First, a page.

Minting A Tradition: Communion Tokens

Dating back to the 16th century in England, Scotland and other countries, Presbyterian and Reformed church-goers could only attend communion by invitation. This invitation included a token. Only those who qualified could present their tokens on communion day to partake in the Lord’s Supper. 

In the second half of the 1500s, Protestant Reformer John Calvin determined that those “not instructed in the doctrine of the gospel ought not to approach what the Lord has instituted.” He established the use of communion tokens and declared “those who had none should not be admitted to the tables.” 

Pictured left: Three Scottish communion tokens from the 18th and 19th centuries are shown. (Left to right) 1827 Errol Church of Scotland; 1765 Kemback Church of Scotland; and, 1802 Associate Congregation Church, Glasgow.

Before the communion festivities took place, Scottish and Scot-Irish ministers and church elders would visit each church member and examine their knowledge of the faith. Those meeting the elders’ approval were given a small token permitting them to receive communion. These communion tokens were made from many different materials: white metal, lead, pewter, brass, copper, nickel, silver (rarely), zinc, wood, and even paper. These tokens would sometimes list the church, a year, and the minister’s initials. They might also list a table number, where during the annual or semi-annual communion season, communicants would sit at their assigned table for the multi-day worship.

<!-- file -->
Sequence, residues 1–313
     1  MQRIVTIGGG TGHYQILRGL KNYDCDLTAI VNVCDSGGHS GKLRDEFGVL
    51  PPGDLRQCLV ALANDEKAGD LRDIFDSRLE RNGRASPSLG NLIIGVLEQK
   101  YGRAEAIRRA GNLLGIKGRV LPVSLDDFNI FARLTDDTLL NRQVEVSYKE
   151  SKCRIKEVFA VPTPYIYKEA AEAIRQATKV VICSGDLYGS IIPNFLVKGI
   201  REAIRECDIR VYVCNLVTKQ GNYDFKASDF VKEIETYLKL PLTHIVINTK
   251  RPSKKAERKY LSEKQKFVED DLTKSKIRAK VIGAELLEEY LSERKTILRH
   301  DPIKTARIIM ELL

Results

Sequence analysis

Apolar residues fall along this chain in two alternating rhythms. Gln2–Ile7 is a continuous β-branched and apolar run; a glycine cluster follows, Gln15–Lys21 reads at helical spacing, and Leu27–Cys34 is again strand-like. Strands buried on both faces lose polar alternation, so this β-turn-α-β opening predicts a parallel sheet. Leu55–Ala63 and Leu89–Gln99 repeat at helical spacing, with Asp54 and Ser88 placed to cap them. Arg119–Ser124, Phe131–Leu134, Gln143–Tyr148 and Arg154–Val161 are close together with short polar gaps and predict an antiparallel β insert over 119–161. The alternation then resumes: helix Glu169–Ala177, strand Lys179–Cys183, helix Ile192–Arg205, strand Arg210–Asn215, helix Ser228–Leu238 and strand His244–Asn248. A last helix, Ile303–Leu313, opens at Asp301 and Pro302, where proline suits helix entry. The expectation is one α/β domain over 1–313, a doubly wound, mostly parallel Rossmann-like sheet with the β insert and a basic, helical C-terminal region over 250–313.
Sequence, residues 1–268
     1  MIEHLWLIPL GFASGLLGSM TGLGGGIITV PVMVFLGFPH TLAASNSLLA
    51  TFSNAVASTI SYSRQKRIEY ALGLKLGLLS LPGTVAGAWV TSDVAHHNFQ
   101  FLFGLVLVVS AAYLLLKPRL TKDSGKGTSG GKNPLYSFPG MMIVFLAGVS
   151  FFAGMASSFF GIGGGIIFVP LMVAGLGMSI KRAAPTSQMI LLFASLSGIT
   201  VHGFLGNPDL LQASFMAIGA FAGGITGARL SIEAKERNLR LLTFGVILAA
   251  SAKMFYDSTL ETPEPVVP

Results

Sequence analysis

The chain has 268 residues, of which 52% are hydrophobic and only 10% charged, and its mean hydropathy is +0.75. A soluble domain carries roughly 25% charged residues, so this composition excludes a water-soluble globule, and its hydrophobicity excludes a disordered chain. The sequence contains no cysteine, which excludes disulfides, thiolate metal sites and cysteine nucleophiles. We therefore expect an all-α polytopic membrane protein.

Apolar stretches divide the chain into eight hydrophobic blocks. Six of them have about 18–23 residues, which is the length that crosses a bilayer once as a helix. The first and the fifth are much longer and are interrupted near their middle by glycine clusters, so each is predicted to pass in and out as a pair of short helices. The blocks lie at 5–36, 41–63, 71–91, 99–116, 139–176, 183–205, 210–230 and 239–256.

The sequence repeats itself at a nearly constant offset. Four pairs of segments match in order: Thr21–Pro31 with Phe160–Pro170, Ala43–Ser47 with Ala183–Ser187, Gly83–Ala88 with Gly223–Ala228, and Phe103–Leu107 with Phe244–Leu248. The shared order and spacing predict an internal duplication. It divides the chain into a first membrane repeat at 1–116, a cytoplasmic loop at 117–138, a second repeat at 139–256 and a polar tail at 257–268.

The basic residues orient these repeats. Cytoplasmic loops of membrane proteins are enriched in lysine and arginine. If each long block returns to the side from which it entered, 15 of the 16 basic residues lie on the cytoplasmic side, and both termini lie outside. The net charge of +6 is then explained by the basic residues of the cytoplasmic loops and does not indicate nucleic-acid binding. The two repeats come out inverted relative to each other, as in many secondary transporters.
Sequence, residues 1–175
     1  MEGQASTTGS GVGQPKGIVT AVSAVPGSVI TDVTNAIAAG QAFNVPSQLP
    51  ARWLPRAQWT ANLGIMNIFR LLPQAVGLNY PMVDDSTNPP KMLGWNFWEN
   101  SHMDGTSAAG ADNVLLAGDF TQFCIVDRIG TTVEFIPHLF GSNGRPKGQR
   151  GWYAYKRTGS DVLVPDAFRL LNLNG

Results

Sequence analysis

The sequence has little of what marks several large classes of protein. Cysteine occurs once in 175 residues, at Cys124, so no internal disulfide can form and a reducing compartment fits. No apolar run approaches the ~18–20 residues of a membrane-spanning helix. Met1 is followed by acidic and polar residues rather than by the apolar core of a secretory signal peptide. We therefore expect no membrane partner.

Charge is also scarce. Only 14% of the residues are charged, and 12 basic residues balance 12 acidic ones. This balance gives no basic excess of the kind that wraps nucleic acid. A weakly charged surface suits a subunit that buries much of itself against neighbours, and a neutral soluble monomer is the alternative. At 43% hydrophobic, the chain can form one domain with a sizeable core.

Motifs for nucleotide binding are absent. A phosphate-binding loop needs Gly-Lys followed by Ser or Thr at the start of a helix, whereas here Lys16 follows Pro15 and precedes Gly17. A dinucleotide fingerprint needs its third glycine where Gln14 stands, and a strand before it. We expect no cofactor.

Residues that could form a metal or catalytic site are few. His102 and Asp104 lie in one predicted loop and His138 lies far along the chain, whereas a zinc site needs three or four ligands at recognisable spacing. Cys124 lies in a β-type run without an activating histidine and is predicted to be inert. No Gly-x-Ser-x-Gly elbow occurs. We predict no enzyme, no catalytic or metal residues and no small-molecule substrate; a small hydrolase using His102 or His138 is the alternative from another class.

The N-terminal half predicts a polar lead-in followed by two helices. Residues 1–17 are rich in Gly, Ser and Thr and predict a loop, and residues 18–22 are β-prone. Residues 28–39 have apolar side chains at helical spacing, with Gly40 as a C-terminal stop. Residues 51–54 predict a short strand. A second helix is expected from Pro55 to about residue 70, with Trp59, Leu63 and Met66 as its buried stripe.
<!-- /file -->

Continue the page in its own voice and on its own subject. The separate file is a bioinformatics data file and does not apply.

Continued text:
Pictured above: An American Colonial communion illustration shows a regional communion gathering. These communion services often lasted several days, consisting of a Fast Day, followed by a Preparation Day, Communion, Sabbath, and a Thanksgiving Day.

These tokens were widely used in the 18th and 19th century by Scottish and Scot-Irish Presbyterian churches. With the migration of Presbyterians to the American colonies, communion tokens also came. The practice of communion tokens continued through the 1800s, although many churches stopped the use of the communion token by the late 1820s. By the early 20th century, use of communion tokens had basically ceased as clergy and elders viewed communion as a means of grace, not as a reward for knowledge and good behavior.

Pictured left: A 19th century communion token mold from Reformed Presbyterian Church in Bloomington, Indiana.

An expanded exhibit of communion tokens will open at the Presbyterian Heritage Center in mid-February. Come visit!

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